Giants, Taylor Rogers Agree To Three-Year Deal

    December 28: The Giants have officially announced the signing of Rogers. He’ll make $9MM in 2023 followed by $12MM salaries in the next two seasons, reports Alex Pavlovic of NBC Sports Bay Area.

    December 23: The Giants and reliever Taylor Rogers are in agreement on a three-year, $33MM contract, reports Ken Rosenthal of The Athletic. The deal for the Frontline client is pending a physical.

    Rogers, 32, will now join his twin brother in the San Francisco bullpen, as right-hander Tyler Rogers is already on the club. The left-handed Taylor was one of the top relievers available in free agency this offseason and certainly one of the best southpaws. He came into the open market on a bit of a down note, as he posted a combined 4.76 ERA between the Padres and Brewers, having switched jerseys as part of the much-maligned Josh Hader trade.

    However, it wasn’t quite as bad as that ERA might seem. His 30.7% strikeout rate and 6.9% walk rate were both much better than average and roughly in line with his career marks. His 42.4% ground ball rate was below league average but only by half a percentage point. A 63.5% strand rate may have been a culprit, as that’s roughly 10% below his 74.1% career norm and the 72.6% league average in 2022.

    Advanced metrics were much more fond of Rogers in 2022, as he posted a 3.31 FIP, 3.26 xFIP and 2.64 SIERA. Those numbers are also more in line with his pre-2022 form. With the Twins from 2016 to 2021, he made 319 appearances with a 3.15 ERA, 27.9% strikeout rate, 5.9% walk rate and 47.8% ground ball rate, with all of those numbers being a few ticks better than the league average hurler. Though the 4.76 ERA in 2022 didn’t look great, he has a lengthy track record as being a very effective big league reliever and that figure likely wasn’t deserved. MLBTR predicted he could secure a three-year, $30MM deal and he has come out ahead of that.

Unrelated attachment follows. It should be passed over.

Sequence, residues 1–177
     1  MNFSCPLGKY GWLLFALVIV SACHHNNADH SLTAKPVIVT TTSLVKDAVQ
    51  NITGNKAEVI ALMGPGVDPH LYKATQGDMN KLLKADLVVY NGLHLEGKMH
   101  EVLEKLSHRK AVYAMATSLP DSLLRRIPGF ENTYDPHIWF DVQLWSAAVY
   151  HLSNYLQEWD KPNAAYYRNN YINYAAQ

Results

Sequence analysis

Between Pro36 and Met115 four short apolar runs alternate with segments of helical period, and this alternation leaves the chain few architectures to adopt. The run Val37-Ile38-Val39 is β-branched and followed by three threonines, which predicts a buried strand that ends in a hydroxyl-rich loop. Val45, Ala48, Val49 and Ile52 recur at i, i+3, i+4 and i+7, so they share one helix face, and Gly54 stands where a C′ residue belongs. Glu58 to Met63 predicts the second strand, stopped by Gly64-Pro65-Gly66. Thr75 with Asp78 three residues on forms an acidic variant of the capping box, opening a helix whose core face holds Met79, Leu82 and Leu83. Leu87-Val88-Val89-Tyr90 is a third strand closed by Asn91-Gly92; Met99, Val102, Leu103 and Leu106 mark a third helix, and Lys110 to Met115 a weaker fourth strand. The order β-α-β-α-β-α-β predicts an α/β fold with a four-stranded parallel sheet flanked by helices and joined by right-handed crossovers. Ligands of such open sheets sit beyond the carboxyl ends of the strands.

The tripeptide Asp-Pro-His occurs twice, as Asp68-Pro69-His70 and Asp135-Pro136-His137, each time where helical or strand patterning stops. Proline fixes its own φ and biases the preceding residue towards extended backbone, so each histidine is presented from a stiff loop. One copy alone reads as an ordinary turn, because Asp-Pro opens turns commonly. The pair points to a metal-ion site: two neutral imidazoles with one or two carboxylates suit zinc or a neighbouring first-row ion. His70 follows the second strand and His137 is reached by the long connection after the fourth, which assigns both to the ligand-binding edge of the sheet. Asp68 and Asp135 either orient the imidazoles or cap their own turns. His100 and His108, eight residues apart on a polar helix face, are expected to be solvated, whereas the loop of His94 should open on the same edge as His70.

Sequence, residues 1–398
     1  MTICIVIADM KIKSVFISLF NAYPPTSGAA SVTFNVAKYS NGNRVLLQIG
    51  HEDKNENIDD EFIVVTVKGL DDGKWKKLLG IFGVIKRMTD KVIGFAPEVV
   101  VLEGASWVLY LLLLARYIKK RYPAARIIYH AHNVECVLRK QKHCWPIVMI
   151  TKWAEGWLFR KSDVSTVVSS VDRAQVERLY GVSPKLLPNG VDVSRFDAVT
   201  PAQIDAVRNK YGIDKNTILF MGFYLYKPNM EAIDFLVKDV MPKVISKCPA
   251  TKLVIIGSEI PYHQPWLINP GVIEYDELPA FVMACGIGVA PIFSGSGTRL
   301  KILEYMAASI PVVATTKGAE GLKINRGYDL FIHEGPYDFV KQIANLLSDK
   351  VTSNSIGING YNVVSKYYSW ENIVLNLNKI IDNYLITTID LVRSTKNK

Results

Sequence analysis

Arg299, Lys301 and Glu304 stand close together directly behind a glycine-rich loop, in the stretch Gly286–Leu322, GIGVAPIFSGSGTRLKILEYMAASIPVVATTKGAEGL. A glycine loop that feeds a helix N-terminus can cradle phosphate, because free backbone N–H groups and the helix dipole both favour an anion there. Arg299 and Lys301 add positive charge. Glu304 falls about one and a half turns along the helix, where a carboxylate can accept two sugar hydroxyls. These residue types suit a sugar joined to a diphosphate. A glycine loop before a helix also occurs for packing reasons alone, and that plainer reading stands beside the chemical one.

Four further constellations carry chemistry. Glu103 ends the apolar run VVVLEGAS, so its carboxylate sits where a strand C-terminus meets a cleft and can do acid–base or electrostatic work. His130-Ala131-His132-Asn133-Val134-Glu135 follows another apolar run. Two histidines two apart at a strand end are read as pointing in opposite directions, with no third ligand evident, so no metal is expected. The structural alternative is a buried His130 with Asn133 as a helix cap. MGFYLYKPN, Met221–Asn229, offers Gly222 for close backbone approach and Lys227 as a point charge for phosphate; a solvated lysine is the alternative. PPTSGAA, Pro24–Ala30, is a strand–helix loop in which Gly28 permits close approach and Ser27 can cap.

For the Giants, the signing of Rogers makes plenty of sense given their dearth of reliable southpaw relievers. Prior to this agreement, Scott Alexander and Sam Long were the only lefties projected to be in the bullpen. Alexander has had great results but is frequently injured, not reaching 20 MLB innings since 2018, and will be turning 34 next season. Long has just 40 games in the majors with a 4.55 ERA to show for it. Given those options, it makes plenty of sense that the club has targeted improvements in this area. Rogers should slot in behind closer Camilo Doval for some high-leverage work. For teams still looking for left-handed additions to their bullpen, the top options with Rogers off the board include Andrew Chafin, Matt Moore and Brad Hand.

    Assuming an even distribution of the money in $11MM increments, Roster Resource now calculates the club’s payroll to just above $191MM and their competitive balance tax figure to be $208MM. That payroll is well beyond last year’s $155MM Opening Day number, per Cot’s Baseball Contracts, but they have gone above $200MM in the past. It’s unknown how much they plan on spending this winter, but they still have lots of room before reaching the $233MM base threshold of the luxury tax.

    Image courtesy of USA Today Sports.

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